Posted by: englishdubai | May 19, 2008

Away from Lebanon

A combination of international travel, moving house and waiting for an internet connection at home as hampered my blog writing over the last couple of weeks. Last month before the current troubles in Lebanon broke out I was able to make my first trip to Beirut. Since coming to the middle east about two years ago I have really wanted to make a trip to Lebanon. I have many Lebanese friends and when they speak of home there is a longing deep within their eyes. I wanted to find out what they were missing.

I stayed in the very comfortable Moevenpick Resort and was fortunate enough to have a great room with an excellent view over the pools and out to sea. I understand that the pool is very popular at the weekends and in the summer is full. I would like to see that. Here it is at 7am in the morning:

I got to travel to Beirut with some Lebanese friends and they did an excellent job of looking after me and taking me to cool places to eat and drink. They also pointed out some of the local beauty spots including the famous Pigeon Island which was simply stunning:

In the heart of the city I was privileged to experience lunch at Lina’s cafe in the old square. It was fantastic, but it was eerily quiet in the late afternoon. I would put that down to it be a pedestrian only zone, however I was not one to complain, as we enjoyed the the ideal weather which made for a nice break from the searing heat of Dubai.

Travelling around the Middle East region you get use to the extra security around the hotels and airports. Car bomb checks, armed guards and metal detectors are all par for the course when visiting certain countries and I appreciate them being there. However in Beirut it is on a whole different level. Every street in the centre of the city appears to have concrete barriers forming a path, or anti-tank obstacles, or military police , or APCs, or regular army troops, or razor wire. However intermingled with all of this are people getting on with their lives. Be it enjoying a Zatar bread, or buying groceries or even getting spruced up ready to hit the town.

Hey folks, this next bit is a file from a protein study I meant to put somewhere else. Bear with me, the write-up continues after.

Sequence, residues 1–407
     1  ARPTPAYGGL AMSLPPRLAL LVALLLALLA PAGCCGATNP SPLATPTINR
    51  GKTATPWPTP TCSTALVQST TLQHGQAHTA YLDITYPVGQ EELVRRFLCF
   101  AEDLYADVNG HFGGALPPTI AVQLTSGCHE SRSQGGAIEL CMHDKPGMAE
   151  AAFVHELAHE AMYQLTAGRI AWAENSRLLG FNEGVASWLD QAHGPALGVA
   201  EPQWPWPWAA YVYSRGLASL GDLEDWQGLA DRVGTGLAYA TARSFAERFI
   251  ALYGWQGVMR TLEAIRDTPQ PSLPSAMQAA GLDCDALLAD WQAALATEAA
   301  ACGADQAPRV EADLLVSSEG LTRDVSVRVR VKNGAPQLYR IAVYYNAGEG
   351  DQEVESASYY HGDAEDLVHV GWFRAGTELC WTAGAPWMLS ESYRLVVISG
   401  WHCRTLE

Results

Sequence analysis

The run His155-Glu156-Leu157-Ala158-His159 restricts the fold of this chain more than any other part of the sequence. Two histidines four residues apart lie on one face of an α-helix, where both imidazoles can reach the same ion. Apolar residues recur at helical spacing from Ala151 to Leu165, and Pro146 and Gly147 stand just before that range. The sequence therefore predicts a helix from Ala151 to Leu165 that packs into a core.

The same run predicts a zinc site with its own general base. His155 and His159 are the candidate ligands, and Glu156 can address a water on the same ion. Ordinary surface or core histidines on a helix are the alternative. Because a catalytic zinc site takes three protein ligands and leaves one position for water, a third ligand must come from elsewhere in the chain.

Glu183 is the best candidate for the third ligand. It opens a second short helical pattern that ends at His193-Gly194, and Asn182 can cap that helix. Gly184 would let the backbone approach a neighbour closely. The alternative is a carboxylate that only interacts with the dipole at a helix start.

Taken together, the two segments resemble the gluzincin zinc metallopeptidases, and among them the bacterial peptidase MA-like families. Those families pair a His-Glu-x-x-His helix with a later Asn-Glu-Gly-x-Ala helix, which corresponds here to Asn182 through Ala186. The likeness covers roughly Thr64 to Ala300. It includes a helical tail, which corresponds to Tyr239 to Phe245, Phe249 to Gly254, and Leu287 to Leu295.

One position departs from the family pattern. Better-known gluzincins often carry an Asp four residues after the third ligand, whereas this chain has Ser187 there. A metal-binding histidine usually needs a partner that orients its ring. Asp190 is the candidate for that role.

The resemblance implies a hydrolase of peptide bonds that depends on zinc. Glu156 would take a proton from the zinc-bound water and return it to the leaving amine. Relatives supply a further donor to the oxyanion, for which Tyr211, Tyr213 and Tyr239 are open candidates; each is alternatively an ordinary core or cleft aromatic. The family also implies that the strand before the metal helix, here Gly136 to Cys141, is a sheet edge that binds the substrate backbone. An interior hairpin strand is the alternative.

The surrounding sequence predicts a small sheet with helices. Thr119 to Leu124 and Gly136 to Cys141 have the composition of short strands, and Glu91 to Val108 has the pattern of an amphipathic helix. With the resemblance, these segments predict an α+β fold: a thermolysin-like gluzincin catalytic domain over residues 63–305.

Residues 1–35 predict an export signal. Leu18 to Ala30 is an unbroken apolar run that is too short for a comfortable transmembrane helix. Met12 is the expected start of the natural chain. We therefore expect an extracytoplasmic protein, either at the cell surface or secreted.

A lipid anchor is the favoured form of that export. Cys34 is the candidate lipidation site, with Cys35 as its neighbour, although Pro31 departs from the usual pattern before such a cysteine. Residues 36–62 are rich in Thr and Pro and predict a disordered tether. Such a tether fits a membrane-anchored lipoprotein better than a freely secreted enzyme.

I admired the local inhabitants ability to be so resilient in the light of the history of the city. Even when I stopped in at the Hard Rock cafe to buy a t-shirt I queued behind a peace keeper from the UN. He had conveniently parked his enormous armoured vehicle outside while he loaded up with caps and badges:

I can see now why Beirut became such a popular tourist destination. With wonderful weather, mountains for skiing and beaches for swimming the diversity is amazing. All the time set in a culture of a curious mix of Christianity and Islam side by side. I am all ready looking forward to going back however with the current situation I am unable to travel there at the moment.

Over 20 years ago the famous 80s band “The Human League” wrote a song called “The Lebanon” in it there is the lyric:

“And who will have won
When the soldiers have gone?
From The Lebanon”

Twenty years on, it still holds true.


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